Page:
You may or may not be eager to delve into the ritual details of the Jewish Day of Atonement, but Adam Kirsh’s latest blog at the Tablet offers an important insight into what the Talmud is all about generally. In “What Happens When the Talmud Asks, ‘What If?’” Kirsh highlights something about how the early rabbis used hypothetical situations to probe the essence of things. He writes,
Throughout the Talmud’s description of the Yom Kippur ceremony—the ongoing subject of Tractate Yoma—the rabbis have displayed what might seem like an excessive concern for what might go wrong. In the whole history of the Temple, for instance, it seems unlikely that a single high priest died during the performance of his duties in the Holy of Holies. But the Talmud worries repeatedly about what to do if this should happen. Such attention to unlikely or purely hypothetical cases is highly characteristic of the Talmud, and it can make the reader impatient: Why did the rabbis bother with such remote, academic speculations?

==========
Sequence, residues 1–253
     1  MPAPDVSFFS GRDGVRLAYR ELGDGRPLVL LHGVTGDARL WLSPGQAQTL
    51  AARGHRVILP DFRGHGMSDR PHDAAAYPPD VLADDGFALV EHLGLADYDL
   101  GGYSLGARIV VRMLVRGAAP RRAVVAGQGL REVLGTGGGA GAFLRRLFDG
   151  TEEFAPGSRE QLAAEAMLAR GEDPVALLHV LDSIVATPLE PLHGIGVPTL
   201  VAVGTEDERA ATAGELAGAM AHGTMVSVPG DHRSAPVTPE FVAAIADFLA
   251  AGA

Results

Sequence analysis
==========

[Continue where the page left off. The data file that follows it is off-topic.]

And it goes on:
I’ve found it useful, in the course of reading Daf Yomi, to think of these kinds of questions as the rabbis’ indirect way of asking about definitions and essences. In laying down the Shabbat laws, for instance, one rabbi asks whether transporting saliva in one’s mouth is considered “carrying,” in which case one would have to spit it out every few paces. The point of the question, it seems to me, is not whether a Jew should go around spitting all the time, but exactly how to define a substance: Is matter within the body a separate entity, or part of the body itself? This kind of speculation about substances and their qualities was central to classical and medieval thought, including Jewish thought. Because Jewish law deals with everyday matters, it produces a kind of everyday metaphysics.
It’s a really enlightening read.